Wildlife Values of Conservation Trees and Shrubs

Wildlife Values of Conservation Trees and Shrubs


CARAGANA (SIBERIAN PEASHRUB) (Caragana arborescens): Used for nesting by several songbirds and the seeds are occasionally eaten. Not a preferred food for browsing animals. It provides good cover. (Introduced from Siberia).

COTONEASTER (Cotoneaster acutifolia): It provides roosting and loafing cover for numerous songbirds and game birds, and some utilize the fruits for food (esp. catbird, mockingbird, and purple finch). Not a preferred browse for animals. (Introduced from northern China).

HONEYSUCKLE (Lonicera tatarica): This provides fruit, which is eaten by several songbirds. It also provides some cover for both bird and animal species but has little value as a browse source.

Preferred nesting site for many songbirds. Prefers open, moist areas; good in fence rows. It provides food for songbirds, rabbits, quail, and turkeys. (Introduced from southern Siberia).

CHOKECHERRY (Prunus virginiana): All parts of the plant have some benefit to wildlife for winter food, but most important during summer and fall. Among the most important plants for wildlife cover and food.

The shrubby, thicket-forming growth provides cover for songbird nesting, loafing, and roosting, and animal loafing and bedding. The fruit and foliage are relished by a great number of wildlife species, including songbirds, upland game birds, rodents and other small mammals, bears, and whitetail and mule deer. (It is Native to most of North America).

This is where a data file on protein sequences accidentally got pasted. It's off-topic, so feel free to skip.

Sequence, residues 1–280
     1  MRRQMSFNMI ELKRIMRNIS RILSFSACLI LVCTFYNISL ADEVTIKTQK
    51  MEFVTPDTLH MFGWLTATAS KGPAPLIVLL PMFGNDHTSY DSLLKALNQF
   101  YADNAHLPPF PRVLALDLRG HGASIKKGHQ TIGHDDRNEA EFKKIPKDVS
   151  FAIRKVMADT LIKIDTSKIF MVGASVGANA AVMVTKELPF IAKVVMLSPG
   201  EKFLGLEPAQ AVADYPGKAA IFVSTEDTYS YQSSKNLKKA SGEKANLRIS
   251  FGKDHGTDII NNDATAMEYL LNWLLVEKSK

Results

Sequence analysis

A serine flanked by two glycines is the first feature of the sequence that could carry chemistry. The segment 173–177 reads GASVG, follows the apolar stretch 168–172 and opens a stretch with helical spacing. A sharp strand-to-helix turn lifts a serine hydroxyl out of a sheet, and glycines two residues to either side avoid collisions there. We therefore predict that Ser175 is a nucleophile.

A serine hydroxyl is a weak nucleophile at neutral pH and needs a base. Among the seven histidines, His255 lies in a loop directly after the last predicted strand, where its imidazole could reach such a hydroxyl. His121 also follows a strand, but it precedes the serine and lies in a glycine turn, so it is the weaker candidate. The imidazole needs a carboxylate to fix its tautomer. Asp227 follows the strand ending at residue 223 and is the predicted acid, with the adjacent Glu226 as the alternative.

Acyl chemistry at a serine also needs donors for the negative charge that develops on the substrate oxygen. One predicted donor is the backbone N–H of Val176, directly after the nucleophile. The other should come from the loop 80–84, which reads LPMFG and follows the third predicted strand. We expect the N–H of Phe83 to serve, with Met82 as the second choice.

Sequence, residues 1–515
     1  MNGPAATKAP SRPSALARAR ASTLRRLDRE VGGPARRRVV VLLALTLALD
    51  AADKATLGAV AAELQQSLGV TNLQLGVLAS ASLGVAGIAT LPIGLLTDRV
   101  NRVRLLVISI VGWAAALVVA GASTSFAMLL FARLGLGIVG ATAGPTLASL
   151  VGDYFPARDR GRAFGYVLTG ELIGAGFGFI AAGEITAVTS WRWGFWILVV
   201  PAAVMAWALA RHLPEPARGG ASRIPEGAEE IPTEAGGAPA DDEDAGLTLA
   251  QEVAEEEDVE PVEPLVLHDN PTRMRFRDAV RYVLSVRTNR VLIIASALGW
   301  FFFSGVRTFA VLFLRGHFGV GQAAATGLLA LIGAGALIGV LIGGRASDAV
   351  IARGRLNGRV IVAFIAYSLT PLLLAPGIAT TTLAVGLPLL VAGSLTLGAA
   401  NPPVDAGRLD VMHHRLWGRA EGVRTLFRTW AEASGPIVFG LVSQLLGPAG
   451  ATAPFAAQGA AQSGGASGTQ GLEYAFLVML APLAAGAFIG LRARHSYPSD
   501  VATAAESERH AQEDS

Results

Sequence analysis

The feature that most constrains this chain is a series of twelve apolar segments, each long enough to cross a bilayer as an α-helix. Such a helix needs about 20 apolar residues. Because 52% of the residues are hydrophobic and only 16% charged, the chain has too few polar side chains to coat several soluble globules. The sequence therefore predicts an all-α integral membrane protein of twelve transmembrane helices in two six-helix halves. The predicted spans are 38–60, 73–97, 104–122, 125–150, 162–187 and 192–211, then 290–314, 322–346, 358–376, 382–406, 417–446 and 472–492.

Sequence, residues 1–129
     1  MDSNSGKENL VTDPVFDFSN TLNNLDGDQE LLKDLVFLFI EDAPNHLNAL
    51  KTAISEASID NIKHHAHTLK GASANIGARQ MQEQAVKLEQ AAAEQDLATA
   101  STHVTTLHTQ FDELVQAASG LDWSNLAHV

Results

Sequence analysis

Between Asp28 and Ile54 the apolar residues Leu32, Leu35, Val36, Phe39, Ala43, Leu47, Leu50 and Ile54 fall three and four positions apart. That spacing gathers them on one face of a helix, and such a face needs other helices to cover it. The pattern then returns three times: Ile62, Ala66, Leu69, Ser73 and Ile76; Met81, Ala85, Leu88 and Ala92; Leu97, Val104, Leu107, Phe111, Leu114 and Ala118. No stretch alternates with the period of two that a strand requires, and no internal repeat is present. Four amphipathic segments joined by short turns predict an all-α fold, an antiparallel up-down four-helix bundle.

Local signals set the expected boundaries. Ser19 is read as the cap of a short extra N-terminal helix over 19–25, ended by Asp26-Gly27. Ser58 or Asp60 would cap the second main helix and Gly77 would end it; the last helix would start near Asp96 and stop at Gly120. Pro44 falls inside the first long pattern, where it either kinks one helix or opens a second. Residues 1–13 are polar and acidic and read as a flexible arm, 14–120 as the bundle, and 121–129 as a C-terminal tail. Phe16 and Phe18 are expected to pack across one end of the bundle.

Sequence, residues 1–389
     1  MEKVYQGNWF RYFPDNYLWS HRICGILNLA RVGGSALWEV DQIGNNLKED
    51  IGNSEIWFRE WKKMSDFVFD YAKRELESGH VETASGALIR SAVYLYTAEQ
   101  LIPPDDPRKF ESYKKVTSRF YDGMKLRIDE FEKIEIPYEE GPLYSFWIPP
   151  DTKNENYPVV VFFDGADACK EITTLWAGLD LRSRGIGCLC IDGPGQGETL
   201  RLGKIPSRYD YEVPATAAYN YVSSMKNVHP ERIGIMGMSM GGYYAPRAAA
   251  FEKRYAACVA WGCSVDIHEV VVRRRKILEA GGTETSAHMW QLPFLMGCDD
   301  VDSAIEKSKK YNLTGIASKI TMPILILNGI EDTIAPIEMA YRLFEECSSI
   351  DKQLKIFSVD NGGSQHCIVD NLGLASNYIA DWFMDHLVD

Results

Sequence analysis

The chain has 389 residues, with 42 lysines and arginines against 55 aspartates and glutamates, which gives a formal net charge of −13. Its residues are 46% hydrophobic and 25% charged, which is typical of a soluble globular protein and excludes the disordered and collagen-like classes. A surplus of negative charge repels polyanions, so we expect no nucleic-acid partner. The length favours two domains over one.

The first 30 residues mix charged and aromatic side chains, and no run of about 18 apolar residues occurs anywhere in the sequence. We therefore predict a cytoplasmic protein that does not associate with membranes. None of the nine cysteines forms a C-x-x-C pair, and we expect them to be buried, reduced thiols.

COMMON LILAC (Syringa vulgaris): Because of root suckers, it provides high-quality cover for numerous species of birds and animals. Little value for fruit or browses. (Introduced from Eastern Europe).

NATIVE (AMERICAN) PLUM (Prunus americana): Highly important as wildlife cover and food. The thorny, suckering growth when protected forms a thicket valuable for bird nesting, loafing, and roosting, and animal loafing and bedding.

Twigs and foliage provide a highly preferred browse for whitetail and mule deer. Foxes are chief consumers of fruit. (Native over eastern two-thirds of central North America, including eastern Colorado).

SKUNKBUSH SUMAC (QUAILBUSH) (Rhus trilobata): Prefers moist, sunny, open areas, but will grow in dry locations. Good in the fence row, along roads, and canal/stream edges. Important fall and winter food for songbirds, woodpeckers, and deer. Emergency winter food for game birds. Fruit and buds are stapled food for sharp-tailed grouse. A good source of vitamin A.